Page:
2. Income Security: The combined contract is non-competitive because of the high amount of public benefit developed by it (now over 60% of the true costs of the statutory services provided by the charity is funded by the charity).  The contract has a 25-year life (until 2036) and the only threat to it is a sustained or existential failure to meet the service quality standards. The charity contribution is largely met from the capital charges and revenue it waives, principally for the use of capital facilities which the charity owns and the running costs of these facilities; there is a very low risk of this not continuing.

3. Quality Standards: the Chief Executive is tasked with maintaining a continuous cycle of Risk Assessment reviews assisted and advised by the Heads of Department in the Senior Management Team (the Head of Therapies and the Head of Education). Principal amongst these are those relating to Safeguarding, Health & Safety and Financial Probity. The on-going review and development of these risk assessments and the policies and procedures that flow from them is of the highest priority as essential elements of the charity's strategic interest.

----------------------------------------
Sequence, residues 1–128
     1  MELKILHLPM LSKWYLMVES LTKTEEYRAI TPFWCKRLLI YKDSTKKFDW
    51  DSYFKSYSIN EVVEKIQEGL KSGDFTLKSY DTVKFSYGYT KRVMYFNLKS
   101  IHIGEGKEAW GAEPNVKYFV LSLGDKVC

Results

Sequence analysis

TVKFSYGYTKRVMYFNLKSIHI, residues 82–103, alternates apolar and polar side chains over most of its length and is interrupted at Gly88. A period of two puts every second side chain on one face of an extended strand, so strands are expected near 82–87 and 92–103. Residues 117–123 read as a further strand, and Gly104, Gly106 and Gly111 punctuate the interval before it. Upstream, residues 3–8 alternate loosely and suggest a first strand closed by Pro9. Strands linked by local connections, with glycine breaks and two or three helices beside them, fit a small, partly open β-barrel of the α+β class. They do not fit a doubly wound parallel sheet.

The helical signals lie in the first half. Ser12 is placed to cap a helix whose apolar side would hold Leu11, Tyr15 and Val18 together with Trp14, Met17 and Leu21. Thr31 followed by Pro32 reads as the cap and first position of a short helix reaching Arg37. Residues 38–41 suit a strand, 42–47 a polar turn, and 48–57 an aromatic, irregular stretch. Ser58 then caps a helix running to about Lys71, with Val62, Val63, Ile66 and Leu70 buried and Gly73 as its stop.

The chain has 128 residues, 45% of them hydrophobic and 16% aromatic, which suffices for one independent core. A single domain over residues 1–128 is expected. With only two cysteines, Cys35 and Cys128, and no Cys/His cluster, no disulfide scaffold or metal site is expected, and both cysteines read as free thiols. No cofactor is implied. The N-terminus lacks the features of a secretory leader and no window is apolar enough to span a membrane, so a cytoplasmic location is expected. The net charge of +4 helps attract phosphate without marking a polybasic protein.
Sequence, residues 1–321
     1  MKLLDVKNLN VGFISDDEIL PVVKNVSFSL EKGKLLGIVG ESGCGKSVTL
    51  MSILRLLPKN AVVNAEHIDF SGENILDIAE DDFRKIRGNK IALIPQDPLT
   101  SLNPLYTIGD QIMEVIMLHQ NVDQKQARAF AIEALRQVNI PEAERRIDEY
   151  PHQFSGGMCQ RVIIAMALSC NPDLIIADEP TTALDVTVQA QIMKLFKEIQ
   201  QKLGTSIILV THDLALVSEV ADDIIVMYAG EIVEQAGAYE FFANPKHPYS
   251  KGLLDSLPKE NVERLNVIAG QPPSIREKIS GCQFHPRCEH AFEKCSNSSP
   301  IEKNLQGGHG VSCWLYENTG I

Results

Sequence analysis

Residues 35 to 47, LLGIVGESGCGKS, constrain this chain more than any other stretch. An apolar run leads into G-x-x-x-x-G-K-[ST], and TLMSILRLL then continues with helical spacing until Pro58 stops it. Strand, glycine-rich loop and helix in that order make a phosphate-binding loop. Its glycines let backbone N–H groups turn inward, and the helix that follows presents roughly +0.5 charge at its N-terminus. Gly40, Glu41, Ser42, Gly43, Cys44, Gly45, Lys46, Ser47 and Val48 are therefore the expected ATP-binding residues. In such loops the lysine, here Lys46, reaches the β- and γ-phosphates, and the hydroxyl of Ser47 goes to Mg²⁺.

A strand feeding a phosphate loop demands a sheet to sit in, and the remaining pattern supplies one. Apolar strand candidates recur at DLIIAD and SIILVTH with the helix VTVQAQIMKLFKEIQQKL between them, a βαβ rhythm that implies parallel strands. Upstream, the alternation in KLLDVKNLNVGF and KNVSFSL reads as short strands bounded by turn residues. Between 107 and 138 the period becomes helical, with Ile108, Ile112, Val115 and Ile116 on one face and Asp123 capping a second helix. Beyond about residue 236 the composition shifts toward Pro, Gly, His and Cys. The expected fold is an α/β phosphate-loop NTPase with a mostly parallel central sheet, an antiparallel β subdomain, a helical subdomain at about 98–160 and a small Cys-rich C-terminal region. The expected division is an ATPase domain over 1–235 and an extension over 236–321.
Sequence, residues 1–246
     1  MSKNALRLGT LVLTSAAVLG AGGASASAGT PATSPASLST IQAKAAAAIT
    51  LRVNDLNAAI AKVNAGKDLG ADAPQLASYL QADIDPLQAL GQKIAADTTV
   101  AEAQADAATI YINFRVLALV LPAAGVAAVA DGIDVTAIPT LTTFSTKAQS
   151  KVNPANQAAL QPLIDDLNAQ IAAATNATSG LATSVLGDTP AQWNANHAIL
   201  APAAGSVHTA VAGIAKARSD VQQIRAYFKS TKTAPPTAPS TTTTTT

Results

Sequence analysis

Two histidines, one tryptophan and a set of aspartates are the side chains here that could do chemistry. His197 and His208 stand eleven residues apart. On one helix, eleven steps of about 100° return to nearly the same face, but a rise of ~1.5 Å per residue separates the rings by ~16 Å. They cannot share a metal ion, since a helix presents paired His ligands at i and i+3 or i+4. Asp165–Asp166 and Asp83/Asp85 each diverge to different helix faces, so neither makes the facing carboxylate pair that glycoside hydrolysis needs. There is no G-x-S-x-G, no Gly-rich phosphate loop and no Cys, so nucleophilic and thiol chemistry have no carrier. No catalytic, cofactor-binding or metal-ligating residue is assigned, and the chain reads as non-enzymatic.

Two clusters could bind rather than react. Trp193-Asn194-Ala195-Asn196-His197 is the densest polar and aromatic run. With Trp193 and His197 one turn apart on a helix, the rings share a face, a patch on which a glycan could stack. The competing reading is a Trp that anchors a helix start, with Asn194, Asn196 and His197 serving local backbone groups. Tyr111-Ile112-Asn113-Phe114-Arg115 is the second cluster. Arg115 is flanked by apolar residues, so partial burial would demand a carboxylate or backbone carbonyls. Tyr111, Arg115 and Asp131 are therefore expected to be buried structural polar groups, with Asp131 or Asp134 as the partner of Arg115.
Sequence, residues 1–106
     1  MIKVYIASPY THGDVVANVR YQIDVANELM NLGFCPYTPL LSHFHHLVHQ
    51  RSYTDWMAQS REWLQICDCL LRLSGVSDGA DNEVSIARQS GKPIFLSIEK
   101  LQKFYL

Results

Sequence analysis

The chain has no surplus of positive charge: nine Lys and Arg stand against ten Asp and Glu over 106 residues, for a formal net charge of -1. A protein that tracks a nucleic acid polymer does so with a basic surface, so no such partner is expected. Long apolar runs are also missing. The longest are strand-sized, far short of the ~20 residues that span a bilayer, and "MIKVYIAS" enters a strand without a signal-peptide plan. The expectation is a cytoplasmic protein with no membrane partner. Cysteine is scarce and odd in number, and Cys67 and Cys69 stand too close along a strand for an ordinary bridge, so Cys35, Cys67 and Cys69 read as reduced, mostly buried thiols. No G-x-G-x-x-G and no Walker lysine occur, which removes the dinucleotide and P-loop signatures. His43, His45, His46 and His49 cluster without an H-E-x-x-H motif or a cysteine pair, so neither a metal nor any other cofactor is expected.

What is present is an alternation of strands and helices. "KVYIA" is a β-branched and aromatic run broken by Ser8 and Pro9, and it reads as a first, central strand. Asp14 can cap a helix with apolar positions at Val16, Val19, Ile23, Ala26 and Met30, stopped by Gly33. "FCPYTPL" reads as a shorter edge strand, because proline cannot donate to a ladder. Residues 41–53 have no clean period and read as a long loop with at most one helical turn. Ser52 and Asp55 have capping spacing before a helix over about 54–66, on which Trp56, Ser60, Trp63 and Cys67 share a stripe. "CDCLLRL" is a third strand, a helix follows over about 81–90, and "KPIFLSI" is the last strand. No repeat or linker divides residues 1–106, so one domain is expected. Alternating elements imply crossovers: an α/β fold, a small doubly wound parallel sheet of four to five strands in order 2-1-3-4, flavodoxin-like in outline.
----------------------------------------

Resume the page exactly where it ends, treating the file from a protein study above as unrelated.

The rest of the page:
Plans for future periods

The new Service Led Agreement with Devon County Council and NEW CCG has operated since the 1st of April 2011. The Agreement set a target for charitable investment in these statutory services of no more than 30% of the total cost. The total contract value has not increased for 12 years despite considerable inflation in both the numbers and complexity of referrals made to the charity so that our contribution is now more than 60%. We have defined a new Core Offer for the school which has been agreed by Devon County Council. It offers significant value for money for the authority, and yet will make the future of the school sustainable at the increased level of service provision required by the cohort of children educated in the school. A new contract with DCC has been negotiated to remove the educational component from the existing combined contract.